# The greenhouse effect and the 2nd law of thermodynamics

## What the science says...

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The 2nd law of thermodynamics is consistent with the greenhouse effect which is directly observed. |

## Climate Myth...

2nd law of thermodynamics contradicts greenhouse theory

"The atmospheric greenhouse effect, an idea that many authors trace back to the traditional works of Fourier 1824, Tyndall 1861, and Arrhenius 1896, and which is still supported in global climatology, essentially describes a fictitious mechanism, in which a planetary atmosphere acts as a heat pump driven by an environment that is radiatively interacting with but radiatively equilibrated to the atmospheric system. According to the second law of thermodynamics such a planetary machine can never exist." (Gerhard Gerlich)

Skeptics sometimes claim that the explanation for global warming contradicts the second law of thermodynamics. But does it? To answer that, first, we need to know how global warming works. Then, we need to know what the second law of thermodynamics is, and how it applies to global warming. Global warming, in a nutshell, works like this:

The sun warms the Earth. The Earth and its atmosphere radiate heat away into space. They radiate most of the heat that is received from the sun, so the average temperature of the Earth stays more or less constant. Greenhouse gases trap some of the escaping heat closer to the Earth's surface, making it harder for it to shed that heat, so the Earth warms up in order to radiate the heat more effectively. So the greenhouse gases make the Earth warmer - like a blanket conserving body heat - and *voila*, you have global warming. See What is Global Warming and the Greenhouse Effect for a more detailed explanation.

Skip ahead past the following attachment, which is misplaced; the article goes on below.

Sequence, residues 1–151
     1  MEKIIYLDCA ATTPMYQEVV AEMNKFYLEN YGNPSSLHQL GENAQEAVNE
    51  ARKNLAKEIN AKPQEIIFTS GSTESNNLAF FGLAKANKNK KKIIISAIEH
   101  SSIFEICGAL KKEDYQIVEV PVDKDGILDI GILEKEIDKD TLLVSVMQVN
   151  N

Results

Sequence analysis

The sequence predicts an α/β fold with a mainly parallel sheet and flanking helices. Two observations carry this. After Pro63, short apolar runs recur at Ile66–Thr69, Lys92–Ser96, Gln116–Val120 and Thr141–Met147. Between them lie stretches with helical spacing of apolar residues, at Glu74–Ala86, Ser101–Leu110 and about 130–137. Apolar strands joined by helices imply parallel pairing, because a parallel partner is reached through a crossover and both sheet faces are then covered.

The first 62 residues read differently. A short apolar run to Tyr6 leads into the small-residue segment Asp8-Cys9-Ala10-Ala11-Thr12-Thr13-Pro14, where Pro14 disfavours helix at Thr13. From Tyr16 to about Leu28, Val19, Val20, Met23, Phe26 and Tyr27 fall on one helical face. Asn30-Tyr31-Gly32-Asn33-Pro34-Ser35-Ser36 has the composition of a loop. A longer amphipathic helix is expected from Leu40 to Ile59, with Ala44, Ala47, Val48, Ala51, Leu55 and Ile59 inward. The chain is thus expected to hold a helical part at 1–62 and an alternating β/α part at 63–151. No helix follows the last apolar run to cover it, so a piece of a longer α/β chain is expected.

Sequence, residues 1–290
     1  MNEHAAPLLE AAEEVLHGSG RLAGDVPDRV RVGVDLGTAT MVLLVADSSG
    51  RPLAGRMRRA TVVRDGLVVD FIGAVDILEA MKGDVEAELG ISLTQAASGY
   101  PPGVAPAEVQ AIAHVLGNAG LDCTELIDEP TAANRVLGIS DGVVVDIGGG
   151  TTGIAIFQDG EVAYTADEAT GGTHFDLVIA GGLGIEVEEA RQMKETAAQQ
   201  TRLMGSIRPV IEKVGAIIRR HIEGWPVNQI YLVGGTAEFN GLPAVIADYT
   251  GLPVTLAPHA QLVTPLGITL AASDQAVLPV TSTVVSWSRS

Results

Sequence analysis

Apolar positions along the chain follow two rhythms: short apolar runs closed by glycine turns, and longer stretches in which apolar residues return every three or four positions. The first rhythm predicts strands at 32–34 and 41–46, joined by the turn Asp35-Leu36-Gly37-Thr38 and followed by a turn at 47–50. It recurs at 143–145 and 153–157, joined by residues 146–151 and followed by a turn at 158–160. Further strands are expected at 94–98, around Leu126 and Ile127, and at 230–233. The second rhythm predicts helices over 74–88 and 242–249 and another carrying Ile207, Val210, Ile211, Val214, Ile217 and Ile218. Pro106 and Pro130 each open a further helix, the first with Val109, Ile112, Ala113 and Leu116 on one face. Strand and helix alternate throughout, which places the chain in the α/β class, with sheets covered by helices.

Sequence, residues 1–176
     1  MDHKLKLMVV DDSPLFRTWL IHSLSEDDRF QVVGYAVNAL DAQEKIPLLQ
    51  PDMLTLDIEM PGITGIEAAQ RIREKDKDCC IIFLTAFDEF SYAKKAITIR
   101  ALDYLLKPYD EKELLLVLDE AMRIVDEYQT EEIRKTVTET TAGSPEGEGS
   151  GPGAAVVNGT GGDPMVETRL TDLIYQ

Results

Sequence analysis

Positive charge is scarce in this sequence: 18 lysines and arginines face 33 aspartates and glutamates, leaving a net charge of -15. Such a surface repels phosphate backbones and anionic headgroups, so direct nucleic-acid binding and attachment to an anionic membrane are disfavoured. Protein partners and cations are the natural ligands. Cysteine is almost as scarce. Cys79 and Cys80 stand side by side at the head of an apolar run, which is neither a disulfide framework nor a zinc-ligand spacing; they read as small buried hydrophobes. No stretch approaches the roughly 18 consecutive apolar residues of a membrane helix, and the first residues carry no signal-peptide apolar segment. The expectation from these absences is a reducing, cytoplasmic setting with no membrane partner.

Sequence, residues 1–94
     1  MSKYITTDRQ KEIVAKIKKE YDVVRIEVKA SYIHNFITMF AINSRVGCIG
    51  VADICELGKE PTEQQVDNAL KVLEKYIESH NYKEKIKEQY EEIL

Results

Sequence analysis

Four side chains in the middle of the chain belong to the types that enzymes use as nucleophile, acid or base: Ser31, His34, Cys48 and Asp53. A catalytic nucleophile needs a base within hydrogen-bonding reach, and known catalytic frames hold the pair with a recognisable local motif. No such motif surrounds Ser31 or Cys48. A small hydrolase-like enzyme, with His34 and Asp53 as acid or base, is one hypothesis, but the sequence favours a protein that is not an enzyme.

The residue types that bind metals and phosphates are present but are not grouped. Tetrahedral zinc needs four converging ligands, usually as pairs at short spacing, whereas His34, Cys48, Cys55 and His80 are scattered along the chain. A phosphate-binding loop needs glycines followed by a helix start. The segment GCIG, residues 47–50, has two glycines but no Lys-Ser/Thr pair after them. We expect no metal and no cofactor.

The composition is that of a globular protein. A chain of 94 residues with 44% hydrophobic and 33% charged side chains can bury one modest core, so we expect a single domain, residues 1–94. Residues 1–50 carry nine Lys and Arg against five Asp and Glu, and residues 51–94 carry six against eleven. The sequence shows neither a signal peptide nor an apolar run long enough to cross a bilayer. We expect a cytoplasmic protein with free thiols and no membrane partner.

The second law of thermodynamics has been stated in many ways. For us, Rudolf Clausius said it best:

"Heat generally cannot flow spontaneously from a material at lower temperature to a material at higher temperature."

So if you put something hot next to something cold, the hot thing won't get hotter, and the cold thing won't get colder. That's so obvious that it hardly needs a scientist to say it, we know this from our daily lives. If you put an ice-cube into your drink, the drink doesn't boil!

The skeptic tells us that, because the air, including the greenhouse gasses, is cooler than the surface of the Earth, it cannot warm the Earth. If it did, they say, that means heat would have to flow from cold to hot, in apparent violation of the second law of thermodynamics.

So have climate scientists made an elementary mistake? Of course not! The skeptic is ignoring the fact that the Earth is being warmed by the sun, which makes all the difference.

To see why, consider that blanket that keeps you warm. If your skin feels cold, wrapping yourself in a blanket can make you warmer. Why? Because your body is generating heat, and that heat is escaping from your body into the environment. When you wrap yourself in a blanket, the loss of heat is reduced, some is retained at the surface of your body, and you warm up. You get warmer because the heat that your body is generating cannot escape as fast as before.

If you put the blanket on a tailors dummy, which does not generate heat, it will have no effect. The dummy will not spontaneously get warmer. That's obvious too!

Is using a blanket an accurate model for global warming by greenhouse gases? Certainly there are differences in how the heat is created and lost, and our body can produce varying amounts of heat, unlike the near-constant heat we receive from the sun. But as far as the second law of thermodynamics goes, where we are only talking about the flow of heat, the comparison is good. The second law says nothing about how the heat is produced, only about how it flows between things.

To summarise: Heat from the sun warms the Earth, as heat from your body keeps you warm. The Earth loses heat to space, and your body loses heat to the environment. Greenhouse gases slow down the rate of heat-loss from the surface of the Earth, like a blanket that slows down the rate at which your body loses heat. The result is the same in both cases, the surface of the Earth, or of your body, gets warmer.

So global warming does not violate the second law of thermodynamics. And if someone tells you otherwise, just remember that you're a warm human being, and certainly nobody's dummy.

Basic rebuttal written by Tony Wildish

**Update July 2015:**

Here is the relevant lecture-video from Denial101x - Making Sense of Climate Science Denial

**Update October 2017 :**

Here is a walk-through explanation of the Greenhouse Effect for bunnies, by none other than Eli, over at Rabbit Run.

Last updated on 7 October 2017 by skeptickev. View Archives